Rep. Michele BachmannMichele Marie BachmannBoehner says he voted for Trump, didn't push back on election claims because he's retired Boehner: Trump 'stepped all over their loyalty' by lying to followers Boehner finally calls it as he sees it MORE (R-Minn.) criticized President Obama for overspending and credit the conservative Tea Party movement for changing the tide in Washington during her Tuesday night response to the State of the Union.

Even though some Republicans voiced concern that her message could conflict with the official GOP response, the congresswoman made no direct mention of House Budget Committee Chairman Paul RyanPaul Davis RyanJuan Williams: Pelosi shows her power Cheney takes shot at Trump: 'I like Republican presidents who win re-election' Cheney allies flock to her defense against Trump challenge MORE's (R-Wis.) official GOP response and did not set a benchmark for spending cuts. 

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Bachmann noted that Tea Party activists loudly protested against the federal stimulus package but Obama decided not to listen, costing him dearly in the November midterm elections.

"Many of you implored Washington to please stop spending money we don’t have," Bachmann said. "But, instead of cutting, we saw an unprecedented explosion of government spending and debt at President Obama’s direction; unlike anything we have seen in the history of our country."

Her remarks centered on job creation, which was the focus of much president's address. She called on Obama to restrict the Environmental Protection Agency's ability to enforce limits on greenhouse gas emissions, to sign a "balanced budget amendment," agree to an "all-of-the-above" energy plan and cut back some new regulations that she says have squelched economic growth.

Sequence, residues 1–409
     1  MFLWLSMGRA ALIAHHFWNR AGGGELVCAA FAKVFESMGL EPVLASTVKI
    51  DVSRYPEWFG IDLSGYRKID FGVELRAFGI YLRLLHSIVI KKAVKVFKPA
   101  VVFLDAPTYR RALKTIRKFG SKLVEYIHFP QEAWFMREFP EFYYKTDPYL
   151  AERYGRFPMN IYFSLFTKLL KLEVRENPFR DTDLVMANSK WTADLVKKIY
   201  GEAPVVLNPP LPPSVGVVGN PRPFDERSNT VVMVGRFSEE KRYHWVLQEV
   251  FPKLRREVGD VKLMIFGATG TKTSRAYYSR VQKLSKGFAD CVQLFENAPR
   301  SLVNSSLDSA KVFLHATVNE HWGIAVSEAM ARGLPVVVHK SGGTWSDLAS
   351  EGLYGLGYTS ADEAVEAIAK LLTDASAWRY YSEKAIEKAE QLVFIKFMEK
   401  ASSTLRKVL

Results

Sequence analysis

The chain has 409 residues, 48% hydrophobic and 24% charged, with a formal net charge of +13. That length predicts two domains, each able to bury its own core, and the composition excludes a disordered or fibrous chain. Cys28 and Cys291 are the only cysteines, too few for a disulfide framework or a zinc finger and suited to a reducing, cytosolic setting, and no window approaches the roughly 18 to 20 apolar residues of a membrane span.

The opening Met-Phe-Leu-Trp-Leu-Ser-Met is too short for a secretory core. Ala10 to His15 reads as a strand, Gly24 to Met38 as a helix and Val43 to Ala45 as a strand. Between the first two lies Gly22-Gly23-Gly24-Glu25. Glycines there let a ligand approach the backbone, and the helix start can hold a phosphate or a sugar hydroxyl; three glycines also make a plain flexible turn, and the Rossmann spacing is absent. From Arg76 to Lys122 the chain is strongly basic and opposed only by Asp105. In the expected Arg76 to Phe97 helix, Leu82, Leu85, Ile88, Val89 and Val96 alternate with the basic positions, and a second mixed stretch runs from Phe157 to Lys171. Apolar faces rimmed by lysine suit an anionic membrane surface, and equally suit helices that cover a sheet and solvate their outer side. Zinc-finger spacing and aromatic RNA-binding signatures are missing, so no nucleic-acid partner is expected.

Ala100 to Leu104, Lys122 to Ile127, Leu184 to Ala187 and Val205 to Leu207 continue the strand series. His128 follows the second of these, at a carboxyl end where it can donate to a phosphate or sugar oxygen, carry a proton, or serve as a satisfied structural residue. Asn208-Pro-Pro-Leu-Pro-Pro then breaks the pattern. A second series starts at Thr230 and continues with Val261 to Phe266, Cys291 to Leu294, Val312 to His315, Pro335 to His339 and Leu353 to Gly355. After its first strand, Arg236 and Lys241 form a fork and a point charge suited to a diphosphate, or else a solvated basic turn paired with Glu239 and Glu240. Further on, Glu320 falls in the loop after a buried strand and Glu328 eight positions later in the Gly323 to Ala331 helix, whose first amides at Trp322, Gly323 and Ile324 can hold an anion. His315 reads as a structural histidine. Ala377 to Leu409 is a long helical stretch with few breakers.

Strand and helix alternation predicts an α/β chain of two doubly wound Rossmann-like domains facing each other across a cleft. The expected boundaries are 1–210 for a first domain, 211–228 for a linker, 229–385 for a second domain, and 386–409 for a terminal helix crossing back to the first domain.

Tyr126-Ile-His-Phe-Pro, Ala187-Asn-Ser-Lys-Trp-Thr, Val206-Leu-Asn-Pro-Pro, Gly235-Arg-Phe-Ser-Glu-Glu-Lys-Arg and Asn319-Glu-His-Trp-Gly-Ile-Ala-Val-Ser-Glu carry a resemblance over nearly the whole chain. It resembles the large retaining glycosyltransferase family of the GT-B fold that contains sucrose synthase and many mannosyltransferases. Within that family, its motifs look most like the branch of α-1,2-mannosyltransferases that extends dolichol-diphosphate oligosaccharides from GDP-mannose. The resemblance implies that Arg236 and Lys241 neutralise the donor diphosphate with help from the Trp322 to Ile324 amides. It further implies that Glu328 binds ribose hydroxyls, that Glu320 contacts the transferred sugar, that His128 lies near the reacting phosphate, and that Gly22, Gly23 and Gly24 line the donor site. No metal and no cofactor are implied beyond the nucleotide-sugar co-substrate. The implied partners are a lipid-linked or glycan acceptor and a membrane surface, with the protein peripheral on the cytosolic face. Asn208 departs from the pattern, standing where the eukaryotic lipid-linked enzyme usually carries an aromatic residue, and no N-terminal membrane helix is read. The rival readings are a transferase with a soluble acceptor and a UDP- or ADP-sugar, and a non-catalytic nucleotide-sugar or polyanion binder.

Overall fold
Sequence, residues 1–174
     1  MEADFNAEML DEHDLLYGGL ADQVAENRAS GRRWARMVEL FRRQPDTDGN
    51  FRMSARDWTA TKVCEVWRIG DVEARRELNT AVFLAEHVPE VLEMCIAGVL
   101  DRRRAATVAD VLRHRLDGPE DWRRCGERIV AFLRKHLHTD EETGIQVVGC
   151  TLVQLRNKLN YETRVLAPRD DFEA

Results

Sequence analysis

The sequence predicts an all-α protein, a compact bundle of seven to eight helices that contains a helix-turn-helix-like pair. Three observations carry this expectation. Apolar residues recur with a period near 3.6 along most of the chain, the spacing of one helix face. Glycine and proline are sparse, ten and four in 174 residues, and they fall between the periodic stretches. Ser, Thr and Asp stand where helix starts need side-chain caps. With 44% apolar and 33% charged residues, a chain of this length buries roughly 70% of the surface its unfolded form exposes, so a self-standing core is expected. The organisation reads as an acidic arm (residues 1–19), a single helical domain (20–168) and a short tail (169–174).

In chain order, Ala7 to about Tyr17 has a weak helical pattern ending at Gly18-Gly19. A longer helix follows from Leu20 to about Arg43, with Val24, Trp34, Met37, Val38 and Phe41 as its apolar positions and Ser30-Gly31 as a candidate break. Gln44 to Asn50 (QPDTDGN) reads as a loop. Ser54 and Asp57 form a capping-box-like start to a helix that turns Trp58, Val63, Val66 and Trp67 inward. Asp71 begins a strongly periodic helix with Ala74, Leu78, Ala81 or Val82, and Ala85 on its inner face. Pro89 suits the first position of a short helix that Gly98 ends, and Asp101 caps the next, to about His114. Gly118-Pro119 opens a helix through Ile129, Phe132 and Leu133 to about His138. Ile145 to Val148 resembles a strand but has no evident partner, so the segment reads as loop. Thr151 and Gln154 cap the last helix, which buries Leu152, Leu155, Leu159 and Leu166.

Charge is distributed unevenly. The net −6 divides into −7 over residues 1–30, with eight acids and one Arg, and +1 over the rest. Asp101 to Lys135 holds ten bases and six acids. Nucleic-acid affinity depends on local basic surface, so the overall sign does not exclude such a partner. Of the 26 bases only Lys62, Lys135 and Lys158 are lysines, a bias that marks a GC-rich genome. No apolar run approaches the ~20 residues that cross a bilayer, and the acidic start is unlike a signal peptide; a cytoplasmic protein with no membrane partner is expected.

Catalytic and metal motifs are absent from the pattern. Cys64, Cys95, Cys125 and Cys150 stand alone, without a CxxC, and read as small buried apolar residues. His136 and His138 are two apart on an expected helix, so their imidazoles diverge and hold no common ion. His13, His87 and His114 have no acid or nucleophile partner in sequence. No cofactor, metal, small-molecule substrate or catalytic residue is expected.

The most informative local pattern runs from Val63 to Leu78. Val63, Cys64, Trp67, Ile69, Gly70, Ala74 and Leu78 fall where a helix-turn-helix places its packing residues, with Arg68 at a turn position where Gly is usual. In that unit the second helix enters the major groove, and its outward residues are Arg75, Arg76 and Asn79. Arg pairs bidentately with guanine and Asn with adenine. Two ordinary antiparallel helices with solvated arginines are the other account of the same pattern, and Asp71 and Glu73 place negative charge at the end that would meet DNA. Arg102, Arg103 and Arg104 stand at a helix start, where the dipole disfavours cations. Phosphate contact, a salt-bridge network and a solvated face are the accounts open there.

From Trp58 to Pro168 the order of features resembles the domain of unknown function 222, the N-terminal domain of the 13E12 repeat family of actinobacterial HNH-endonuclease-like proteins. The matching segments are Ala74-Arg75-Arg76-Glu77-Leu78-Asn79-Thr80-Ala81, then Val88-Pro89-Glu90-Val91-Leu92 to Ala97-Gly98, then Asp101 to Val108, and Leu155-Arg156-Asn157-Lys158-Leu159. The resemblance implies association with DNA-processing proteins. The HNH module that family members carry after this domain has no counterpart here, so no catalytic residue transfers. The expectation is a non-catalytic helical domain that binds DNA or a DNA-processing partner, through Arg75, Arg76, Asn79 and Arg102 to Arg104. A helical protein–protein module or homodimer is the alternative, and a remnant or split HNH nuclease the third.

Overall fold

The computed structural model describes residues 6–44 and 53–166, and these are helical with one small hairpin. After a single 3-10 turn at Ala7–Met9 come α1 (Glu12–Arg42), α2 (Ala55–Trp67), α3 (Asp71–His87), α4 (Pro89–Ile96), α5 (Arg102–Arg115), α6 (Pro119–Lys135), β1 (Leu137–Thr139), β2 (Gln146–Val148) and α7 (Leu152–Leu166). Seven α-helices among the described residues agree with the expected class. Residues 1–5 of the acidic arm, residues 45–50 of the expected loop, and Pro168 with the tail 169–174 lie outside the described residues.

But unlike Ryan, Bachmann focused more specifically on some of Obama's past legislative accomplishments. She went after at the healthcare law, which she said overregulates businesses and will force them to cut jobs. She called on Obama to repeal the law that he considers one of his signature domestic achievement.

"The president should repeal ObamaCare and support free market solutions like medical malpractice reform and allow all Americans to buy any healthcare policy they like anywhere in the United States," she said.

She thanked Tea Party activists for sweeping out "big spending politicians" in the midterm elections and for creating support for greater spending cuts.


"Thanks to all of you, there’s reason to hope that real spending cuts are coming," she said. "I believe that we are in the early days of a history-making turn here in the House of Representatives.

The Minnesota congresswoman's speech was closely watched Tuesday night by political observers for signs of dissent between her and GOP leaders, even though she and other Republicans downplayed that possibility leading up to her response.

Bachmann, the chairwoman of the House Tea Party Caucus, is viewed as an ambitious lawmaker who wants to raise her political profile and maybe run for higher office.

But her speech might not have reached the wider audience for which she had been hoping. CNN is the only cable or broadcast network that aired the speech. Tea Party Express, the group sponsoring the rebuttal, also streamed it on their website.

Her full speech was broadcast after Ryan delivers his official response, which immediately followed the president's speech.

-- An original version of this post appeared at 5:28 p.m.